Working together requires that the employees' activities overlap more than minimally; they must be interdependent. Schleicher v. Lunda Constr. Co., 406 N.W.2d 311, 313-14 (Minn. 1987). For example, in Schleicher, a company supplied concrete to a highway construction site and a subcontractor at the site operated a conveyer system to transfer the concrete to the crew. Id. at 312. The plaintiff, a driver for the concrete company, was injured while delivering and unloading concrete at the site. Id. After collecting workers' compensation benefits, he sued the subcontractor. Id. at 311. The court concluded that there was little overlap between the subcontractor's work and that of the concrete company employees, and thus that no common enterprise existed. Id. at 314.

By contrast, in O'Malley v. Ulland Bros., 549 N.W.2d 889, 896 (Minn. 1996), our supreme court concluded that the second McCourtie factor was satisfied where employees of both a general contractor and subcontractor on a highway repair project worked in the same space and coordination of their efforts was "an integral part of the construction. It was not only contemplated that they would work together, it was essential."

Appellant claims that there are issues of fact as to whether Danner and Ell-Z employees were engaged in a common activity. We disagree. It is undisputed that Todd Tiffany, Marrell Helgeson (both employees of respondent Danner), and appellant (an Ell-Z employee) were working together as a "crusher crew" immediately before the accident. The rock-crushing operation was dependent upon each member of the crew performing his job--Tiffany as foreman, Helgeson as operator of the front-end loader, and appellant as "picker" (picking foreign debris out of rocks as they passed along the conveyor system). In addition, and most importantly, the deposition testimony of Tiffany and Helgeson underscores that on those occasions when a jam-up occurred all members of the crew worked to clear it. In other words, they worked together because it was essential to the process that they do so.

II. Subject to Same or Similar Hazard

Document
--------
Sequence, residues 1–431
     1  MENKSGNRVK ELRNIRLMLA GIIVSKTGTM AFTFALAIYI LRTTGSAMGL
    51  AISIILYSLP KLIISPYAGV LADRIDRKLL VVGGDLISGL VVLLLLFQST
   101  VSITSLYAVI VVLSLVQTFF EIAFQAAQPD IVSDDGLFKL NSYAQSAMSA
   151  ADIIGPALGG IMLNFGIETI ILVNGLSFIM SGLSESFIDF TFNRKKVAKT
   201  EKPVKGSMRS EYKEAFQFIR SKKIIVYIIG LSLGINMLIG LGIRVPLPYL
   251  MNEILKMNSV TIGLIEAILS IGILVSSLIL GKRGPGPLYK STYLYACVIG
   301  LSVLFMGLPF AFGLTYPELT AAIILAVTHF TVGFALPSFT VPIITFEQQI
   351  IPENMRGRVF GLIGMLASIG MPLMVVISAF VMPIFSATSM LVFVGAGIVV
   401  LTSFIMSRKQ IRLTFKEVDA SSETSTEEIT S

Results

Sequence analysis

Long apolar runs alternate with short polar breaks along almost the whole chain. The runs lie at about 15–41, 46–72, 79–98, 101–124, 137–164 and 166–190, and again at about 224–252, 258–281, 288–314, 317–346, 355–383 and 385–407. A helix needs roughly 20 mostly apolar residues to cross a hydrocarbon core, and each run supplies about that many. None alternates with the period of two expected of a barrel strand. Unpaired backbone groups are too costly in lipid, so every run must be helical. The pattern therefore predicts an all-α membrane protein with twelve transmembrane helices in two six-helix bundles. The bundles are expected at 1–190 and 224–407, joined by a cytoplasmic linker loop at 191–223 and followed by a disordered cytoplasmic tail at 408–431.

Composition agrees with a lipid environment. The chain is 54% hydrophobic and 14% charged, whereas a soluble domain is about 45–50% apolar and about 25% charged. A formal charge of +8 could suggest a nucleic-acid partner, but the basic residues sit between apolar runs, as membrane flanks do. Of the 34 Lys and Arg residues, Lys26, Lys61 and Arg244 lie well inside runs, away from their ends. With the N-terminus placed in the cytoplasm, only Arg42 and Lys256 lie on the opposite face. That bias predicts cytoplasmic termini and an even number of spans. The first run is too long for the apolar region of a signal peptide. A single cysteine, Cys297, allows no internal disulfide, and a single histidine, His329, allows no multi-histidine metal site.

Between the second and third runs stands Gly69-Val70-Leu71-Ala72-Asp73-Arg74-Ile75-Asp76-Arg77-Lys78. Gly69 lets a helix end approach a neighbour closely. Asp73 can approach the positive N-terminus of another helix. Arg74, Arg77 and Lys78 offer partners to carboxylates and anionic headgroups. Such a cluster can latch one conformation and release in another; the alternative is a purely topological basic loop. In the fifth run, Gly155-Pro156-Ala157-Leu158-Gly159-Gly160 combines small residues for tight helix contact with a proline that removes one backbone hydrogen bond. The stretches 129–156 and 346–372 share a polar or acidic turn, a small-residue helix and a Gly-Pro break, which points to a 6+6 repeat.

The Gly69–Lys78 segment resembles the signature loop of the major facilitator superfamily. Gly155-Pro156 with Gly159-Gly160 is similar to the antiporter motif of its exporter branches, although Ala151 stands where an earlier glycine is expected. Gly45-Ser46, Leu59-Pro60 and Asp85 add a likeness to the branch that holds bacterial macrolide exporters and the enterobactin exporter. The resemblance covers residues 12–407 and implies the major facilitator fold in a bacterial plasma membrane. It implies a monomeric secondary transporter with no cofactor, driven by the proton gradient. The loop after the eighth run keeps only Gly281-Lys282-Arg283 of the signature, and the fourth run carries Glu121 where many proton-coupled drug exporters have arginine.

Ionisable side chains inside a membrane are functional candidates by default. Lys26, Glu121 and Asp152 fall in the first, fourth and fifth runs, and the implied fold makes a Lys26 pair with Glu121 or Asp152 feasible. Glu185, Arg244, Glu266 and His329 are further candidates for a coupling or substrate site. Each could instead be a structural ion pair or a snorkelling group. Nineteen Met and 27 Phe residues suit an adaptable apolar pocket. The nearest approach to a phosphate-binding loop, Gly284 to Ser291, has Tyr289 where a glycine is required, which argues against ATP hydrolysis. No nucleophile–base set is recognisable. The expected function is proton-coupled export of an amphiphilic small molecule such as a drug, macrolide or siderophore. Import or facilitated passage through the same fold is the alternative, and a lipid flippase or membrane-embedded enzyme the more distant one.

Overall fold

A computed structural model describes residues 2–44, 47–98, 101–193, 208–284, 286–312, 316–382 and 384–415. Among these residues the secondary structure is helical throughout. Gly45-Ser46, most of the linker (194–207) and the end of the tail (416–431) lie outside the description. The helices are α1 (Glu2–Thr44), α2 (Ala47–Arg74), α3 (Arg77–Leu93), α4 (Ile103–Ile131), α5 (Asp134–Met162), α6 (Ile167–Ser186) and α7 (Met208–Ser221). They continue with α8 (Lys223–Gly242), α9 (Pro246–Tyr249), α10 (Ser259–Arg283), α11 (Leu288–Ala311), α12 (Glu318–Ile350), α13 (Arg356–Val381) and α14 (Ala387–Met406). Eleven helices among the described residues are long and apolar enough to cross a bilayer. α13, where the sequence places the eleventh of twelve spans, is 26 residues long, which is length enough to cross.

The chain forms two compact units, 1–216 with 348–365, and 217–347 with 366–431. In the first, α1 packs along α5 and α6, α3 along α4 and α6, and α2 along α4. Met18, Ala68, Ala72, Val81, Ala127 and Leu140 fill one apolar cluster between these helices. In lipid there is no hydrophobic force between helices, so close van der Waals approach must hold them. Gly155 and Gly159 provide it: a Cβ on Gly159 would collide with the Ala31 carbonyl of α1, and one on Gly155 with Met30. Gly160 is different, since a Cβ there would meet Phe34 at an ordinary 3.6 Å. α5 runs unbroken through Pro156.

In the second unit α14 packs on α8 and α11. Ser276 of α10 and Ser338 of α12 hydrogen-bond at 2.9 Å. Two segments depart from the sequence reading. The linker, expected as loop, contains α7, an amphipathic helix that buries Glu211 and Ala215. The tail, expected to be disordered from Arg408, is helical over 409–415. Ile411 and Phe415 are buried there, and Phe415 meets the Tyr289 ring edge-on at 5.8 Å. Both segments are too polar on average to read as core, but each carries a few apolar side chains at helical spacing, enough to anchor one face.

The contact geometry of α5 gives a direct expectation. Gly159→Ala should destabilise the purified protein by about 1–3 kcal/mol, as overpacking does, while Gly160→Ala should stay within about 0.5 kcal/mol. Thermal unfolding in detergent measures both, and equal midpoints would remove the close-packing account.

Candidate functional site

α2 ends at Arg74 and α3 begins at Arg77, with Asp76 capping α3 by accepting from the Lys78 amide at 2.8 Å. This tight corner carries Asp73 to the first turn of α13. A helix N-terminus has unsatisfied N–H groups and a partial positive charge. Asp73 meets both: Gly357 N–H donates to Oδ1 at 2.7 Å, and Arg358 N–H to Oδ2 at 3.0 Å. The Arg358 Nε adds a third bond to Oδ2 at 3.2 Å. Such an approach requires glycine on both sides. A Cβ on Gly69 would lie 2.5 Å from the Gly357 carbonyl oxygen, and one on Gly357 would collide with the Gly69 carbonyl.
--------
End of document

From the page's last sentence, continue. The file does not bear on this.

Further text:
The third McCourtie factor requires that employees be subject to the same or similar hazard. Appellant asserts that the risks for the two groups of employees were different. He claims that while Ell-Z employees were subject to being physically caught in the crusher machine, Danner employees were not. The facts, even viewed in the light most favorable to appellant, show otherwise.

Tiffany, a Danner employee, testified in his deposition that just before the accident he saw both Ell-Z and Danner employees with their arms in the precise location where plaintiff's arms were when he was injured. He also stated that on many occasions he had placed his arms in that precise location to perform the same activity that injured appellant. Helgeson, also a Danner employee, testified that right before the accident he "slid over next to [appellant] and started with my hands right where [appellant] was digging."

Appellant tries unsuccessfully to raise a fact issue here. He does this by first claiming that Helgeson had not cleaned out the conveyor in the several weeks leading up to the injury. This fact is irrelevant, for on the injury date Helgeson was subject to the same risk as appellant.

Appellant next claims that Troy Chouanard, an Ell-Z employee, saw Helgeson digging with a shovel, rather than by hand. But Helgeson testified that he had been digging with both a shovel and his hands.

Finally, appellant claims that on the day of the accident, Tiffany did not participate in cleaning out the debris. Though this may be true, it is inconsequential. On other days before the accident, Tiffany had cleaned out the conveyor with his hands; in other words, in the past he had regularly been subjected to the "same or similar" threat as appellant. And, regardless, Helgeson and appellant were subjected to the "same or similar" threat on the day of the accident.

Appellant has failed to present any relevant, admissible evidence suggesting a material fact issue. We therefore affirm the district court's grant of summary judgment.